Saturday, 30 May 2015

[Today] Protect founding fathers’ names from exploitation

I refer to the report “Government looking to enact laws to protect name, image of Lee Kuan Yew” (May 23, online). It is time to enact laws on the use of our founders’ names for commercial gain or in advertisements.
For example, on May 29, 2010, NTUC Income placed a newspaper advertisement with a picture of Dr Goh Keng Swee in conjunction with its 40th anniversary. This was well intentioned: To honour his contribution towards the setting up of the insurer.
However, the use of a founder’s name and image with a company logo displayed conspicuously should be discouraged. There is a commercial factor in drawing customers through tributes to our founders; it could be deemed as indirect commercial gain.
In the case above, NTUC Income is just like any other insurer competing for business. Moreover, there is no level playing field because other insurers do not have such marketing “tools”.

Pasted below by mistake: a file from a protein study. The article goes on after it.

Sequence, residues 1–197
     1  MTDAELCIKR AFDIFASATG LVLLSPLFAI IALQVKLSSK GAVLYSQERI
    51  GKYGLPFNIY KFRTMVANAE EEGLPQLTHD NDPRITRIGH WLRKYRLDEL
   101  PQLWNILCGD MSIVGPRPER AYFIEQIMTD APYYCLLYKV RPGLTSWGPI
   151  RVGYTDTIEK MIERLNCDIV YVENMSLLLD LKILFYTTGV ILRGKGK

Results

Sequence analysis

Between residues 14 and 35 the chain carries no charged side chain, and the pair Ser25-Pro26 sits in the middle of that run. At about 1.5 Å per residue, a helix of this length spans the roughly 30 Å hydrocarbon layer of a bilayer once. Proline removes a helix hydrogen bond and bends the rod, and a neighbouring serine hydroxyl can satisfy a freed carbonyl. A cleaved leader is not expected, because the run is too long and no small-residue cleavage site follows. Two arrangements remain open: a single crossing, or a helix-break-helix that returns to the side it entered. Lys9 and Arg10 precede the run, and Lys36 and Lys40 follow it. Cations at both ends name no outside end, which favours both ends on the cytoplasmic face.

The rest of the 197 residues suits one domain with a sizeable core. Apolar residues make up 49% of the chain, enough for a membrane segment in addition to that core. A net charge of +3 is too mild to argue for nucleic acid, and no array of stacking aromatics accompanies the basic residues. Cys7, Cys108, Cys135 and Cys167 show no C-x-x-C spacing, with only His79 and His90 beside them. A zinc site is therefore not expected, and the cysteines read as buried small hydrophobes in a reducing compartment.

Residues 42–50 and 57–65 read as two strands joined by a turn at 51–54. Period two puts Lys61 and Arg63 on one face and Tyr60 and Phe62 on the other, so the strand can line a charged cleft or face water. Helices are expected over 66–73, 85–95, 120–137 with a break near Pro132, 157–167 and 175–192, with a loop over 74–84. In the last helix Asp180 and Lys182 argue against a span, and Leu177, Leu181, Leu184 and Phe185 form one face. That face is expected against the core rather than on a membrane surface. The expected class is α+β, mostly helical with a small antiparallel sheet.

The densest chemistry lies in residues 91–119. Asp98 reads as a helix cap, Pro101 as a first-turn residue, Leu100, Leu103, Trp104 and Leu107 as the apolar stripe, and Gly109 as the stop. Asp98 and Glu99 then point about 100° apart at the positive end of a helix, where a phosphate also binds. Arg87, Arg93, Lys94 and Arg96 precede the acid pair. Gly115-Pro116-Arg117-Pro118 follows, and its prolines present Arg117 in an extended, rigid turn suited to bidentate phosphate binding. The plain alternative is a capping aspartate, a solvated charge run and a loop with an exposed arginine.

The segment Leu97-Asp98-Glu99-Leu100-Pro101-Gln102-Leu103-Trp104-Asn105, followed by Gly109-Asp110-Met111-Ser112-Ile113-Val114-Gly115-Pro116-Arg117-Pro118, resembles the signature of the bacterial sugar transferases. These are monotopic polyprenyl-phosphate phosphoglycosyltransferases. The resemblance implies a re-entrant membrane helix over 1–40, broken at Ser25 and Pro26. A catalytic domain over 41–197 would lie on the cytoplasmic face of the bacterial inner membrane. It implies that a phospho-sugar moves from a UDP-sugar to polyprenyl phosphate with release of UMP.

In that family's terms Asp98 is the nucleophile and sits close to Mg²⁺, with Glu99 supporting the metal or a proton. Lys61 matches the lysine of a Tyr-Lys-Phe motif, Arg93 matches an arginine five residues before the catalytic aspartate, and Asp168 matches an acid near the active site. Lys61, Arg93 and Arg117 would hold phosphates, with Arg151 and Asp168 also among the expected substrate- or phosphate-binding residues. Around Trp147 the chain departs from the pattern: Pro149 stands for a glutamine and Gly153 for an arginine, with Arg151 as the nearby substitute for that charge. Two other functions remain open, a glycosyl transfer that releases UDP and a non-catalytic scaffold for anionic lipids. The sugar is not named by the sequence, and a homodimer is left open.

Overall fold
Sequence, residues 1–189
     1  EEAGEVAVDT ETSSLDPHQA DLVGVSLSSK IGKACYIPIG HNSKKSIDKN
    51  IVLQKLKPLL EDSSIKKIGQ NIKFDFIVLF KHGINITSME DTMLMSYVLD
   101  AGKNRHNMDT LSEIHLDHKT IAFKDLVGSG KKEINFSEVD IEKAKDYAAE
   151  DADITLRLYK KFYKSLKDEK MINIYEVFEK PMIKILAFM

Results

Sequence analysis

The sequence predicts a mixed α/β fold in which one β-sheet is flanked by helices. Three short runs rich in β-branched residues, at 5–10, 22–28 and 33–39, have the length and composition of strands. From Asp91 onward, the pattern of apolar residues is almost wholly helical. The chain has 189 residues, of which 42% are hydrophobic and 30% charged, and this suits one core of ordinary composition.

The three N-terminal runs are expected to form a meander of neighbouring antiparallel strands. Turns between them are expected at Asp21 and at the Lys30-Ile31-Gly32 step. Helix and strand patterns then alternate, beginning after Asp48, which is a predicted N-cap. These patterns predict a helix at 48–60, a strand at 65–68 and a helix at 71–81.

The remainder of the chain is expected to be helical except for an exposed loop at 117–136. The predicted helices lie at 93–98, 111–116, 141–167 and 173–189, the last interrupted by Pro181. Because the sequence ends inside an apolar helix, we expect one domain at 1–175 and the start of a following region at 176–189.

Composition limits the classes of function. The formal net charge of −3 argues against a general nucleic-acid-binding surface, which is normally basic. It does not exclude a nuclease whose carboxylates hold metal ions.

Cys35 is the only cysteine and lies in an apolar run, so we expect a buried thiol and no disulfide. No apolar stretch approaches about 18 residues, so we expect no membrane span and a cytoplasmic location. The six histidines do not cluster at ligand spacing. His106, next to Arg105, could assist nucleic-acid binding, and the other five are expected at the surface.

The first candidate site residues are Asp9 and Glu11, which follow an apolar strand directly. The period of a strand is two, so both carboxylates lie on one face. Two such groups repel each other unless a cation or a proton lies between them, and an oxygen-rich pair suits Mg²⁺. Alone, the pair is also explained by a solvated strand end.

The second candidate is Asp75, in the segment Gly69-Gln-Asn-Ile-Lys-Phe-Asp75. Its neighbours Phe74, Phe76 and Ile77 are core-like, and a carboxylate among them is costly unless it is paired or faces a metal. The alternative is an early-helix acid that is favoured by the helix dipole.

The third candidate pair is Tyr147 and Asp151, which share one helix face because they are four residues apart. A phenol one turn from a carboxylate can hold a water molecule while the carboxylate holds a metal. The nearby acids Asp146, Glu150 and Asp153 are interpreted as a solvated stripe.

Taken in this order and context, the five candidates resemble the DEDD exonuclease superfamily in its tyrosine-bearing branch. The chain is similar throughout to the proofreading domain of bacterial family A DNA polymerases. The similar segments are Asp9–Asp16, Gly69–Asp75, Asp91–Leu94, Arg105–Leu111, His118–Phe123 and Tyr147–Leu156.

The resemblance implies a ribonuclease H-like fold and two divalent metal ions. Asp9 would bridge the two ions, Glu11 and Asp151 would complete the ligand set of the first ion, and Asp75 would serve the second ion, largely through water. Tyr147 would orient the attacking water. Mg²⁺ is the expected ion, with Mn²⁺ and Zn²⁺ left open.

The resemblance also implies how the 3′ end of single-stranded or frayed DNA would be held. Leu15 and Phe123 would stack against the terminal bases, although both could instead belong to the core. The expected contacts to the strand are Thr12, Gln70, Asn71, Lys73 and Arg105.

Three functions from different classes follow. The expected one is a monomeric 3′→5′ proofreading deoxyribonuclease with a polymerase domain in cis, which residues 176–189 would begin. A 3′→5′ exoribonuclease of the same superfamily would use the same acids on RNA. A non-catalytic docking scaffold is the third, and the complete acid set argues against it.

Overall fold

Fast forward to March, and we had BreadTalk apologising for using Mr Lee Kuan Yew’s name to promote its buns in the name of charity (“BreadTalk apologises for Lee Kuan Yew commemorative bun”; March 25, online).
Besides publicising its brand in that manner, which was unacceptable, there was the question of preserving Mr Lee’s dignity. Using his image and name for a consumable item was a reprehensible, humiliating public relations stunt.
The Government would be right to introduce any legislation to protect the dignity and esteem of Singapore’s founding fathers, respected symbols who must not be treated as tradeable commodities for use in advertisements or other channels to promote sales.
To protect their names and images from commercial exploitation would be a step in the right direction.